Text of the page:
time, and you just now have +3. But now, the same
thing, the same request comes to the server, and the
server runs the same method. We wrote this method once. And when this method runs on
the server, then let’s say, maybe I don’t have permissions
to do that, the thing, or maybe while I was
little clicking the Like, and there was a
latency on the network, there were 30 other
users, like adding a +1, or maybe blocking my post,
or I don’t know what. Meteor would take
care of that for you. It doesn’t matter if what
you did was exactly the same, or there was a
problem on the way, Meteor would then
send the right data from the server to the client,
update the local cache, and get you the real UI. And for you, the
user, it just happens. And if you look at applications
like Inbox, or Google+, or Facebook, that’s
what’s actually happening. And you can write
this stuff yourself, but think about
how many edge cases you would need to handle
to handle this complexity. The Gmail infrastructure team,
and the Facebook infrastructure team are really, really big. If you were going to
do that for yourself, you need to understand
that it’s not as easy, Now like I said, it’s not easy. But the actual code is very
similar between those cases. And if you look at the
strategy that Gmail uses, and the strategy that Facebook
uses, it’s pretty similar. Meteor– and you can write
that stuff yourself– but Meteor is doing that
for you out of the box. And it’s completely open, so you
can change everything inside, but out of the box you
get a complete platform that works for you. And when you think about
it, most of the code today is not written in node, not yet. Most of the code today is
written in .Net and Java. And the reason is because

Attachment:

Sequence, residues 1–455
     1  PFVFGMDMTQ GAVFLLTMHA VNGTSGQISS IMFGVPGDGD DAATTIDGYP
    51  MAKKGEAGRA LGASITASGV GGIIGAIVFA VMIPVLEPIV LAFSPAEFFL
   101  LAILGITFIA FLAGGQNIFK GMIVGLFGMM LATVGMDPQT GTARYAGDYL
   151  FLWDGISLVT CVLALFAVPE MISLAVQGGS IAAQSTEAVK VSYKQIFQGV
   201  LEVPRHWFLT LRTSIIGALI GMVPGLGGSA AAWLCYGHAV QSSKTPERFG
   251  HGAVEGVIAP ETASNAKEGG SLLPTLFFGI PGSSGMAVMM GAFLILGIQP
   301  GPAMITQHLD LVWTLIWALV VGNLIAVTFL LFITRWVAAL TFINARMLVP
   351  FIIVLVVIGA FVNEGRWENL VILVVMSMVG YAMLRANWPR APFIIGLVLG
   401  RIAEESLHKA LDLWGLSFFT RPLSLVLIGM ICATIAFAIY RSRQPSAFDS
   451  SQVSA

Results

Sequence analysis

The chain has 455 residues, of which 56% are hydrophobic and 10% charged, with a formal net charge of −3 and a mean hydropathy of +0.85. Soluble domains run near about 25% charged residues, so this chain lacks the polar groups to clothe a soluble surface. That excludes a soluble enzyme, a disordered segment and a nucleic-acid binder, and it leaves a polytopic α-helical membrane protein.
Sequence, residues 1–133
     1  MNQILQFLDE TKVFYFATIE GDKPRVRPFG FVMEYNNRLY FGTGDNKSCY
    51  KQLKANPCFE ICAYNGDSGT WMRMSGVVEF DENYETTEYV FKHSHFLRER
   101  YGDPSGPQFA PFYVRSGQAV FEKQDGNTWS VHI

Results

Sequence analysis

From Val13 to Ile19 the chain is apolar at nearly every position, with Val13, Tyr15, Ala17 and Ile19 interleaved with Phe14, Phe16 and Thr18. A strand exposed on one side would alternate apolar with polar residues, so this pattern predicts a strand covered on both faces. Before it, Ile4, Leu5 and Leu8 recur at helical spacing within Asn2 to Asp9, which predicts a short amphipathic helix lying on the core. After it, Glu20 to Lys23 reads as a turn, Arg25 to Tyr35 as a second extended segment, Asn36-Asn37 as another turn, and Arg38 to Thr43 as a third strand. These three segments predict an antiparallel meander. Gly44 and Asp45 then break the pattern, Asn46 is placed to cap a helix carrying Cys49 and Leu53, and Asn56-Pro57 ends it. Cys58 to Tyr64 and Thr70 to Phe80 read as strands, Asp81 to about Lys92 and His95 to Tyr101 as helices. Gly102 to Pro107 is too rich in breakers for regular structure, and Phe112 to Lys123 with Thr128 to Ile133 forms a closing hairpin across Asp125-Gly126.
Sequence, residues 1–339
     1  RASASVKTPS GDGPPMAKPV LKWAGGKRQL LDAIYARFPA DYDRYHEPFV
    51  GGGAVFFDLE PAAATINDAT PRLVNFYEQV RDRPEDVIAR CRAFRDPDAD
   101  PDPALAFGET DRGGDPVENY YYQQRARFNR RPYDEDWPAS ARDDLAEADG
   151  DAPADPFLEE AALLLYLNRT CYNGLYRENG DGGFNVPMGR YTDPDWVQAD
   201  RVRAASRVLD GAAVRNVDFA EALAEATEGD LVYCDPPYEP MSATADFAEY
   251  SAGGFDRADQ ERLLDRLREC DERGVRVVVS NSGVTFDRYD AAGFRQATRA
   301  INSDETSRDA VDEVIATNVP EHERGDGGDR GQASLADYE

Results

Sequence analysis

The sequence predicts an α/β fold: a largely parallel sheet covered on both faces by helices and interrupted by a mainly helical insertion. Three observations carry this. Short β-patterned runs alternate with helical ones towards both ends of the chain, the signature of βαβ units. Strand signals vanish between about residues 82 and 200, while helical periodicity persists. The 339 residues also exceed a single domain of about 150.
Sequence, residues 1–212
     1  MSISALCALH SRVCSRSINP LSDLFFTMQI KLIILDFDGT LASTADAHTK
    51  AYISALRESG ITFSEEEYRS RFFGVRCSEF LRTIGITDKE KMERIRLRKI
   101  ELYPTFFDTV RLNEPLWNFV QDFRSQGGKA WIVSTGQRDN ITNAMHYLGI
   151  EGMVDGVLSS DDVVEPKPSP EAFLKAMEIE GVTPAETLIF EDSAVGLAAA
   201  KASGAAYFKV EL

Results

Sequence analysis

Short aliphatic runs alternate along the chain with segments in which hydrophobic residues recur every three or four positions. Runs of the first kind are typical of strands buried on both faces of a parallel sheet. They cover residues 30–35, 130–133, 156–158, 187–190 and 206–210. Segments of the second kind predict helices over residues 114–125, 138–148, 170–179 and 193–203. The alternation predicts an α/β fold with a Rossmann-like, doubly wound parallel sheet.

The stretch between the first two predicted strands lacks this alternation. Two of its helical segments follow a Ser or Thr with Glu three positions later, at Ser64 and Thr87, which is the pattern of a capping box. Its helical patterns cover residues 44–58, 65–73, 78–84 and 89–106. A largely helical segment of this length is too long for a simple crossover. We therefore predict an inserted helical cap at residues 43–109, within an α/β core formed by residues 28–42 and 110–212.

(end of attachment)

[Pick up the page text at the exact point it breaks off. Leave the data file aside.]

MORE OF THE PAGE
those are platforms. When you write .Net code, you
can expect most of the stuff to work together out of the box. And then later, you
can change stuff. But the problem is in
the JavaScript ecosystem, we don’t really have
something like that. Everyone likes mix and match
stuff, and that’s good. The JavaScript
ecosystem is amazing, but if you just want
to write your code, you don’t want to do this
mix and match all the time. I mean, every second
day there’s a new build process, and
a new thing, and you don’t have the time for it. So we need JavaScript platform. And the JavaScript
platform needs to be a build from small parts,
but that are loosely coupled, but out of the box,
it works great. And someone is taking care of
for you, like an infrastructure team that takes care of
all this infrastructure, working for you. And that’s Meteor. And the difference between
Meteor and .Net and Java is that Meteor is, also because
of the power of JavaScript, runs everywhere. It takes care of everything
you need, from the mobile, and everything from the
mobile and IOT devices. But also based on
what I said before, about the connected
client architecture. And your users want it. Then your next
project will probably be a connected client project,
because your user expect that. Meteor is also not
a new thing anymore. It’s like, just recently, it
became the first– the highest rank on GitHub’s web
application framework, so it’s best writers on
GitHub, like their home ground. And there’s over 200
meetups, and there’s over 7,000 community
packages, and if you look at– I hate those graphs–
but if you look at the trend graph– when I
started using Angular, I tried to explain to